Authentic is a word that is used a lot but makes me nervous sometimes. For example, when someone says that a restaurant serves authentic cuisine, I tend to be skeptical. But in my opinion, Noboru Restaurant in Kailua (201 Hamakua Drive, across the street from Safeway and next to Zia's) qualifies as authentic Japanese cuisine. Chef/owner Akito Yoshioka is originally from Japan and is a highly skilled chef. Everything he does is with a mind to quality (and not necessarily quantity...this isn't a plate lunch place where you get tons of food). From noodle bowls to Teishoku dinners, Yoshioka prepares superb meals.
One of my favorites is the mini-don combination, where you get a small donburi (a savory ingredient served over rice, such as tempura) and a small bowl of udon (thick noodles in broth). It's a nice way to sample several flavors.
The tempura is outstanding, and while I have never tried the beef teriyaki or the steak, I have heard people rave about both. The sashimi is very fresh and expertly presented.
My favorite dish is the broiled saba (mackerel). It is probably the best in Hawaii by far. It is not the dish to order if your palette is on the American side, but if you love Japanese food, this is as good as any you might get in Japan.
For dessert, the green tea cheesecake sounds a little strange, but is absolutely delicious.
A considerable bonus is that co-owner Julie Yoshioka recently became one of only three or four certified sake specialists in Hawaii. You have to go to Japan and receive special training in order to be certified, so if you drink sake, you will receive expert advice and education. From time to time, Julie has sake tastings for education and enjoyment.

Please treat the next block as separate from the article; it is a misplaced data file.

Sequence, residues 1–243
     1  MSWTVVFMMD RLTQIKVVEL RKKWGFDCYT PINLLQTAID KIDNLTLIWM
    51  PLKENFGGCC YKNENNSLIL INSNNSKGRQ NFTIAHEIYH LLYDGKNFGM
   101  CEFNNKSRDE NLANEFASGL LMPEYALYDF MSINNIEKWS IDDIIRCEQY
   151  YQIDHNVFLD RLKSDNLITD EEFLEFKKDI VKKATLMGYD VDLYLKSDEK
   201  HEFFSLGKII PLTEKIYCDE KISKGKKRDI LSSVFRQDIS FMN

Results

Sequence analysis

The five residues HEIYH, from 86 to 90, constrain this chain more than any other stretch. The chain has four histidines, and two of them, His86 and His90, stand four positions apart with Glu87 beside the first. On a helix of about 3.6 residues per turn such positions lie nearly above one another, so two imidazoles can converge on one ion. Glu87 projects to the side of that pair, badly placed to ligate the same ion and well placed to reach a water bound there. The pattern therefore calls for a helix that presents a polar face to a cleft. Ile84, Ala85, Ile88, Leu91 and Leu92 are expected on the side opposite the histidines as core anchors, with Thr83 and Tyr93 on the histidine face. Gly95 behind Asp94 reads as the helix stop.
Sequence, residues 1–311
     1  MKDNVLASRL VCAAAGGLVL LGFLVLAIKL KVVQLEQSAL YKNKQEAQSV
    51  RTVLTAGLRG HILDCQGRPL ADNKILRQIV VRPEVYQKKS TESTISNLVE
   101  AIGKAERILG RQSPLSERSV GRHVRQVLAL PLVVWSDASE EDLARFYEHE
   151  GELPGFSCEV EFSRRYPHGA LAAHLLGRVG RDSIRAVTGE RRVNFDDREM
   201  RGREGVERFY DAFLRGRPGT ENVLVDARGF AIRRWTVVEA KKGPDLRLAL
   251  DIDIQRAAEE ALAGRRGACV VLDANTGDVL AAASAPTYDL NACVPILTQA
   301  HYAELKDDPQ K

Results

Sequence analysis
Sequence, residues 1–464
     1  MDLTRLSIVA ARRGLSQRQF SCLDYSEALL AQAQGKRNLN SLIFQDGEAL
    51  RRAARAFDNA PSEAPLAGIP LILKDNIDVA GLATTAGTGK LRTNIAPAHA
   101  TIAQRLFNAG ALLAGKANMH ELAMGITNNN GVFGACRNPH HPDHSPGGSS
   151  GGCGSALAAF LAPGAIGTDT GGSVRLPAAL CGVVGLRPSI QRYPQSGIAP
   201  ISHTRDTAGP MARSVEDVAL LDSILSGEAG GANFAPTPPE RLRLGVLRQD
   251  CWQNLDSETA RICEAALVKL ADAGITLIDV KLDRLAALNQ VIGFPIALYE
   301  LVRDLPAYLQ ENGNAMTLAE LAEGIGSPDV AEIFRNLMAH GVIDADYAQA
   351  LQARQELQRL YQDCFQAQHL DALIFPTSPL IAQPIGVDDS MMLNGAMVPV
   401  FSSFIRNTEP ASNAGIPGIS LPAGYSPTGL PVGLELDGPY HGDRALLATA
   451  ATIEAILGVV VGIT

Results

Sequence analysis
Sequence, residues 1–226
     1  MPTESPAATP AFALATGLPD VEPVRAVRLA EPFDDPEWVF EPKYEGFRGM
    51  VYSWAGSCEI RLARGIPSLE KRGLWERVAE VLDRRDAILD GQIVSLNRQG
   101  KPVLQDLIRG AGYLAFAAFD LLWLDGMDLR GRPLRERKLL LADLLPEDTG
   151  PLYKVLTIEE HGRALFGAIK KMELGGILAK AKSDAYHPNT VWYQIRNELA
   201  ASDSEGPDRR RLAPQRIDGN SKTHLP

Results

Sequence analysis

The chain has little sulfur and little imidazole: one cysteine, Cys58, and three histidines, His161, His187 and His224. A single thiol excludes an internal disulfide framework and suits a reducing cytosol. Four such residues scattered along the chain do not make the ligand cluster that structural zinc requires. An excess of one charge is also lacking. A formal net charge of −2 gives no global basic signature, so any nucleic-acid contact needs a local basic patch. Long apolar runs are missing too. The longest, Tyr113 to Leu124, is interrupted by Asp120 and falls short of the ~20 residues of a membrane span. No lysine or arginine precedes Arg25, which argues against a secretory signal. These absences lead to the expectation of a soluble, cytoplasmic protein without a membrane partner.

I have gone many times, and have always been satisfied. I think you will be as well.
Grace and aloha,
P. S. When I visited Japan with a group of United Methodist pastors and laypeople several years ago, I noticed that the Christian churches often did not have a cross, or it was not prominently displayed. In one church, instead of a cross, there was a giant crown of thorns. I learned that in Japan, the cross often has a negative connotation, one of Western imperialism. The crown of thorns was more in keeping with the Japanese sensibilities of the sacrificial, suffering servant model which Christ exemplifies.
Indeed, the cross as a symbol of the church did not come into popularity until the 4th century A.D., when the Roman Emperor Constantine dreamed that he was led in victory by a cross. Constantine became a Christian and legalized Christianity in the empire.
Up until then, the cross was such a horrific symbol of execution, that the early Christians also avoided using the cross as a symbol of faith (imagine wearing a neck-chain with a mini electric chair and you get the idea). In the catacombs, the symbol of the loaves and fishes was a common symbol of the gathered Christian community.
The Christianity I see portrayed on TV is so often the imperialistic, triumphal version. Maybe that's why so many people are turned off to church. Perhaps more emphasis on the suffering servant Christ and the community that comes from the loaves and fishes is needed to show the more "authentic" side of Christianity.